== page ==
Eisenhower National Historic Site

Eisenhower National Historic Site

Eisenhower National Historic Site is the home and farm of President Dwight D. Eisenhower. Located adjacent to the Gettysburg Battlefield, the farm served the President as a weekend retreat and a meeting place for world leaders. With its peaceful setting and view of South Mountain, it was a great spot for a much needed break from Washington and a backdrop for efforts to reduce Cold War tensions.

Tour the President's home, enjoy a self-guided walk around the farm, or join a park ranger for an exploration of 1950s Secret Service operations or a look back at WWII and Ike's problems as Supreme Commander. Visit the virtual multi-media exhibit that celebrates Dwight D. Eisenhower, his military career, wartime leadership, and popular presidency; and the exuberant, trend-setting First Lady Mamie. Have an intimate visit with Ike and Mamie in their comfortable home, and see Ike's successful cattle operation at Eisenhower Farms. The Farm still maintains a herd of black Angus cattle. It is also home to a variety of wildlife including several threatened species.

Brief history of Eisenhower and his Gettysburg home:

President Dwight D. Eisenhower’s association with the town and battlefield of Gettysburg began in the spring of 1915 when, as a cadet at the US Military Academy at West Point, he visited with his class to study the battle. Three years later during the First World War, Capt. Eisenhower found himself back in Gettysburg with his wife Mamie and their first son. Despite his hope for duty overseas, he had been appointed commander of Camp Colt, the US Army Tank Corps Training Center located on the fields of Pickett’s Charge. Eisenhower’s orders were, “To take in volunteers, equip, organize, and instruct them and have them ready for overseas shipment when called upon.”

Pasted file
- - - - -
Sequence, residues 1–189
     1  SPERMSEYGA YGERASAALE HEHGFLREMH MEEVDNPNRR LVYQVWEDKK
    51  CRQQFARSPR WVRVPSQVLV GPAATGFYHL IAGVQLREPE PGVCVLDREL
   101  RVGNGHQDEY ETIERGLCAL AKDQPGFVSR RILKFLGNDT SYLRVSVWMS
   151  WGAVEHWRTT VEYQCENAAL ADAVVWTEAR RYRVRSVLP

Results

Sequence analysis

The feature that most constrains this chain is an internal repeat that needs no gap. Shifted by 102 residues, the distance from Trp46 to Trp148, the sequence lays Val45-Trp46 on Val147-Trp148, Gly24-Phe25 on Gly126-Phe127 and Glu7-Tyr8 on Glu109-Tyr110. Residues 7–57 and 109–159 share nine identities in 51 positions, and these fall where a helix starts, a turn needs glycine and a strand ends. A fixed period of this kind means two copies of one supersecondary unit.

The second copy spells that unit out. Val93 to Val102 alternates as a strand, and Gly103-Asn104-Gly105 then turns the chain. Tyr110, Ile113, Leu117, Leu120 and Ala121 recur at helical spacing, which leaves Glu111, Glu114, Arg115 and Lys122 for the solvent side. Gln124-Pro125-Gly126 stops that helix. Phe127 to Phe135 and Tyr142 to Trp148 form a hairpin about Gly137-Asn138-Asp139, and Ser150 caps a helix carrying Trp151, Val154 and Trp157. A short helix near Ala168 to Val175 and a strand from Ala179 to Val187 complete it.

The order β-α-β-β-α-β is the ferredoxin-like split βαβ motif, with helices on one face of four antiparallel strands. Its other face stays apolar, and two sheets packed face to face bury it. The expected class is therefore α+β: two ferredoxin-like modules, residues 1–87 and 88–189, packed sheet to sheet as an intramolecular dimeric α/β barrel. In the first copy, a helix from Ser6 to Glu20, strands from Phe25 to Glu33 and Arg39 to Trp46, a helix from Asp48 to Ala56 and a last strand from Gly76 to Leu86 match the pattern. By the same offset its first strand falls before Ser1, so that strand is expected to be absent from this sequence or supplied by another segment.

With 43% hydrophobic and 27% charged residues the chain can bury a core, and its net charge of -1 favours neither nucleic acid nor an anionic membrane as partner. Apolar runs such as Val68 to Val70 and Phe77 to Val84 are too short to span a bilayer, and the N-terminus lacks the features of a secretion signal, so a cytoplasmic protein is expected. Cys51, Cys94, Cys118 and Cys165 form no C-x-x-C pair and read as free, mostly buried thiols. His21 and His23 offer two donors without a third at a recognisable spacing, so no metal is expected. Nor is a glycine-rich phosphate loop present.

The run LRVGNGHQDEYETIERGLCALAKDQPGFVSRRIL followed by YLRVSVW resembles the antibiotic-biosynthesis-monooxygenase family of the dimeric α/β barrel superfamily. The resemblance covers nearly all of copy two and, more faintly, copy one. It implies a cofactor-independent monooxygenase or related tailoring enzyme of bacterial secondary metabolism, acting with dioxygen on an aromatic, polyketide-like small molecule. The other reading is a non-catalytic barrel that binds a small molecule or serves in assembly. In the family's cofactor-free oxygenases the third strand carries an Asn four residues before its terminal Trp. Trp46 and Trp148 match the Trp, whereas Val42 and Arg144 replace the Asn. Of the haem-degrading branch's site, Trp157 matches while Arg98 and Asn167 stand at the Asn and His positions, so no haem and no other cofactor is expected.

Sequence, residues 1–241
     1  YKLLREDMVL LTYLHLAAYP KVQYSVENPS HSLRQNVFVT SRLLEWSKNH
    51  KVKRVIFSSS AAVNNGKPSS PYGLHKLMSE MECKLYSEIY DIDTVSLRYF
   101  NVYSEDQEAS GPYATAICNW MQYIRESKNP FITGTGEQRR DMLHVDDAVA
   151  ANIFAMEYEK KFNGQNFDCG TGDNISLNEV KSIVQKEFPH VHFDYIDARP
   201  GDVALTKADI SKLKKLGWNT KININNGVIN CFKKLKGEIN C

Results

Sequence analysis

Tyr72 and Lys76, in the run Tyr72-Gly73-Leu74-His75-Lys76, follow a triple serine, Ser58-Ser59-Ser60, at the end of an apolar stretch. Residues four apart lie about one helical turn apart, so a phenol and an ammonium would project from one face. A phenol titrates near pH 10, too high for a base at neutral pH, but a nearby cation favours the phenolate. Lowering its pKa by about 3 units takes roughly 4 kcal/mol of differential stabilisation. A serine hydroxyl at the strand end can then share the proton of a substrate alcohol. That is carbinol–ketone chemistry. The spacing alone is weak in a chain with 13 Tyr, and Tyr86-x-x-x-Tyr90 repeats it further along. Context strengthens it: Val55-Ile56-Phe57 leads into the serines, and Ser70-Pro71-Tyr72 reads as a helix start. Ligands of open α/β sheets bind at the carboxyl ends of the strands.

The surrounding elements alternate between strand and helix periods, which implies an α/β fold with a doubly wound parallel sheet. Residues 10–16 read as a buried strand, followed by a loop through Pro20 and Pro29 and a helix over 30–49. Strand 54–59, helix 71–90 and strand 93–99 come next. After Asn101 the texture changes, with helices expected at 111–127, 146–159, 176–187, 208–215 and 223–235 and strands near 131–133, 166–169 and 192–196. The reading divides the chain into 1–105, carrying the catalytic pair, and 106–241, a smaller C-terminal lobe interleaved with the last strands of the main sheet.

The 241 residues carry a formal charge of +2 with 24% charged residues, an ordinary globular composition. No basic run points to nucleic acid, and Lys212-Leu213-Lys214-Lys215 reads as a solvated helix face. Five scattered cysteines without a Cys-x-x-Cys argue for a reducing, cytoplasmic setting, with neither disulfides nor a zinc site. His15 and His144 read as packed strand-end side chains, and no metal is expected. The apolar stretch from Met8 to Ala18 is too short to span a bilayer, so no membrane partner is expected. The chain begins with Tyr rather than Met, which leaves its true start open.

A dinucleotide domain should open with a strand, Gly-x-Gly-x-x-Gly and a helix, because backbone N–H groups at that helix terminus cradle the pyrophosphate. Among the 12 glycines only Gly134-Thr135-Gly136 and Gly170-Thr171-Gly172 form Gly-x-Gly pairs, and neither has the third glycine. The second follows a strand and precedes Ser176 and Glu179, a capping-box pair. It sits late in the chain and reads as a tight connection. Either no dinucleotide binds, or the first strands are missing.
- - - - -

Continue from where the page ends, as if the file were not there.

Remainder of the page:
At war’s end Eisenhower left Gettysburg for a new assignment, one of many in a 31 year career in which he rose to the rank of five star general. After World War II, while president of Columbia University, the General and his wife returned to Gettysburg to search for a retirement home. In 1950, fondly recalling Camp Colt days, they bought a 189 acre farm adjoining the Gettysburg Battlefield from Allen Redding who, according to son Raphael Redding, "was always very proud of the fact... that he sold to General Eisenhower." The Eisenhowers' retirement was delayed, however, when the General left for Europe to assume command of NATO, the North Atlantic Treaty Organization.

Eisenhower returned home to run for the Presidency in 1952. To kick off his Pennsylvania campaign, he welcomed state Republican leaders to a picnic at the farm.

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Image Credit: Eisenhower National Historic Site
Last updated: November 22, 2019
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